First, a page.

As Vitamin A beats the free radicals, it slows down the turnover of skin cells. This may sound counterproductive at first. Don’t we want fresh new skin all the time? Not necessary. Too much skin shedding causes clogged pores and excess dead skin build-up and turns into acne.
With Vitamin A for acne on the scene, this is slowed down and can have a dramatic impact on the appearance of your skin. Vitamin A also reduces the amount of oil in your skin and protects against cell damage and inflammation. Sounds like a powerhouse, right? That’s because it is.
How To Tell If You Are You Vitamin A Deficient
This is not an easy question to answer unless you have a blood test. Vitamin A is stored in the liver and released as necessary. It is only when the liver runs out of Vitamin A for acne that deficiencies will show up on a blood test. Early signs of Vitamin A deficiency include:
- Night blindness
- Impaired immunity
- Rough, dry skin.
These symptoms will likely only show up when you’re in a serious deficiency. However, less-than-ideal levels of Vitamin A can still show up and cause irritating acne even without a blood test proving a medical deficiency. Most people with acne, especially those with swollen, red, and painful zits are likely suffering from a Vitamin A deficiency.
Keep in mind as well that because we can store Vitamin A for acne for when it’s needed, you can get it in spurts. That means a dinner of liver, for example, can supply you with enough vitamin A to last you until next week.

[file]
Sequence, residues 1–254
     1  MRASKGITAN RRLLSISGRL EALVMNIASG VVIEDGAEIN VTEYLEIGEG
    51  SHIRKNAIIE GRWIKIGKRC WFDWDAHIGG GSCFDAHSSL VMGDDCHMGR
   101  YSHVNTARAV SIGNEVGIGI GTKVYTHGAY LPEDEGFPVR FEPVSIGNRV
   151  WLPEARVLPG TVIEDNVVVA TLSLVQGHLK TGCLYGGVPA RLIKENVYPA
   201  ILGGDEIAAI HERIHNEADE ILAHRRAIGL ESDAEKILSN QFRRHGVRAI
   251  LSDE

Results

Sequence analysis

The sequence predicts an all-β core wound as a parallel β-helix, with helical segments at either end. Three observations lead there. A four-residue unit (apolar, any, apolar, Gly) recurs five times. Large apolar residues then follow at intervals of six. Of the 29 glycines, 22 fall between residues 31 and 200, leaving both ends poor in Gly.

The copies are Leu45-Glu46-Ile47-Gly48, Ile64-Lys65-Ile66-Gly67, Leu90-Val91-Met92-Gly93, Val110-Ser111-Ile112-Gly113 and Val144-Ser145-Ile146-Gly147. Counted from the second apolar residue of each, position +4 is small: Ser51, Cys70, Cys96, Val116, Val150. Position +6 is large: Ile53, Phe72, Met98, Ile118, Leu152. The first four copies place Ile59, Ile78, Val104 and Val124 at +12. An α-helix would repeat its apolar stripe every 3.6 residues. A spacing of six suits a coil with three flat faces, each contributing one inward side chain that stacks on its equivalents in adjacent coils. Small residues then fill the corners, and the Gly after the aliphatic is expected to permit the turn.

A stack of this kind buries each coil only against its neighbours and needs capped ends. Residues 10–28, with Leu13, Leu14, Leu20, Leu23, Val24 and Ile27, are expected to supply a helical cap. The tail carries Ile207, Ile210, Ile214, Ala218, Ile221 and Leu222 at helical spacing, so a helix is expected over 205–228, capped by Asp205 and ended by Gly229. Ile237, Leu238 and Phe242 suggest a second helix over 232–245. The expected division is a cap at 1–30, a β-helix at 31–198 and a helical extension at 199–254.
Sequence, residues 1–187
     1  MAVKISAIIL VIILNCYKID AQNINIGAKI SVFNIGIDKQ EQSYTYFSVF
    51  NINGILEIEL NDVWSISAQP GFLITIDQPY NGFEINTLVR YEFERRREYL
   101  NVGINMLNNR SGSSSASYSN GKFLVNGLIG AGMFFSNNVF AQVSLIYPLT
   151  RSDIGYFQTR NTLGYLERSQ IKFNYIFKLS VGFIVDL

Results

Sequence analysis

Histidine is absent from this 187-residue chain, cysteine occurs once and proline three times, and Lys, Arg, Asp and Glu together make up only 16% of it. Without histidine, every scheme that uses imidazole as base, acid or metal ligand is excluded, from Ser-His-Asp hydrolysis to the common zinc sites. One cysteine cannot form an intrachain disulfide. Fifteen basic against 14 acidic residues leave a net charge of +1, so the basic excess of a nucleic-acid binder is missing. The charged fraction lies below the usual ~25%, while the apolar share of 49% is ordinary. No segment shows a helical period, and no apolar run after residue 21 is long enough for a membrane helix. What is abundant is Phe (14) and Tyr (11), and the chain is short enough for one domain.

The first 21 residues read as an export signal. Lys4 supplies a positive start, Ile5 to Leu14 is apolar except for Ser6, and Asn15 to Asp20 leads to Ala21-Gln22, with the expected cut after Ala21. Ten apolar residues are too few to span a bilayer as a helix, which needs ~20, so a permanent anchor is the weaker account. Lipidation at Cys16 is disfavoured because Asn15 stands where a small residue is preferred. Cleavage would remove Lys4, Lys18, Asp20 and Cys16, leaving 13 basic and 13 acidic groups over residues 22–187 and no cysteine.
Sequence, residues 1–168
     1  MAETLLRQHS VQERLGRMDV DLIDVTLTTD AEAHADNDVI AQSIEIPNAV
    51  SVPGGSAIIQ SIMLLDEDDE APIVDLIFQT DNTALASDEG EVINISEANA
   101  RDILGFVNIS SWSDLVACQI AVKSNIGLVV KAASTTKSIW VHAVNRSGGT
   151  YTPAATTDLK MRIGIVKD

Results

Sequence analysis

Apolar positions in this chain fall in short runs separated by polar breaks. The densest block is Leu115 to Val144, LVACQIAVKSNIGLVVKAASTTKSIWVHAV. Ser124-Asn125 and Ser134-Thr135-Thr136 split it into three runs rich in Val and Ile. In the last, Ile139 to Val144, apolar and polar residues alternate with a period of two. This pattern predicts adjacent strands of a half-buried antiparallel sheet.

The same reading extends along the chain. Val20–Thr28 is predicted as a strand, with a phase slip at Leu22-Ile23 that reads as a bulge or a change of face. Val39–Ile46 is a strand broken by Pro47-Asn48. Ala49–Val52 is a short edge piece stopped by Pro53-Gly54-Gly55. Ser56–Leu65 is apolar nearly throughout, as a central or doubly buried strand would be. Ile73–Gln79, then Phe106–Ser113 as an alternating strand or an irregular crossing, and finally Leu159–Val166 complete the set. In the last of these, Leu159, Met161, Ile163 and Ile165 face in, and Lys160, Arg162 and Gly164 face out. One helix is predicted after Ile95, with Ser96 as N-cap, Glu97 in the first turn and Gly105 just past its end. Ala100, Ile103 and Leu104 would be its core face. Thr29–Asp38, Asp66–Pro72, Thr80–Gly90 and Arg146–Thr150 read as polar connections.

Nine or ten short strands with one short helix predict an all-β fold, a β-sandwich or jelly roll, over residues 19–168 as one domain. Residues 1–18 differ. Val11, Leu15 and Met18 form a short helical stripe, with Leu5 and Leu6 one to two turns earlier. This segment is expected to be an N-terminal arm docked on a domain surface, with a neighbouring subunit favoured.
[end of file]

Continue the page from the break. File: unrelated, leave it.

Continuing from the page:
How Much Vitamin A Do I Need for Acne?
Most supplements give you close to 5,000 IU per day. For battling acne, we recommend doubling this amount. Aim to get 10,000 IU of Vitamin A for acne, mostly in the form of retinol, each day.
How Do You Use Vitamin A for Acne?
The two most effective ways to get the recommended amount of Vitamin A for acne is through nutritional foods and additional supplements (but not a vitamin A supplement – more on this later!).
Foods with the highest Vitamin A for acne content are:
- beef liver – 31,718 IU per 100 g
- chicken liver – 13,328 IU per 100 g
- butter – 2,500 IU per 100 g
- beef kidney – 1,578 IU per 100 g
- cream – 1,470 IU per 100 g
- eggs – 520 IU per 100 g
- whole milk – 200 IU per 100 g
Other foods that are rich in Vitamin A for acne include:
- orange and yellow vegetables, such as carrots and sweet potatoes
- green leafy vegetables
You can get your 10,000 IU by eating a variety of Vitamin A rich foods to promote overall skin health. Make sure you balance your vitamin A intake with at least 4,000 IU of vitamin D3 each day, either from sun or supplements, plus sources of vitamin K2 (fermented foods).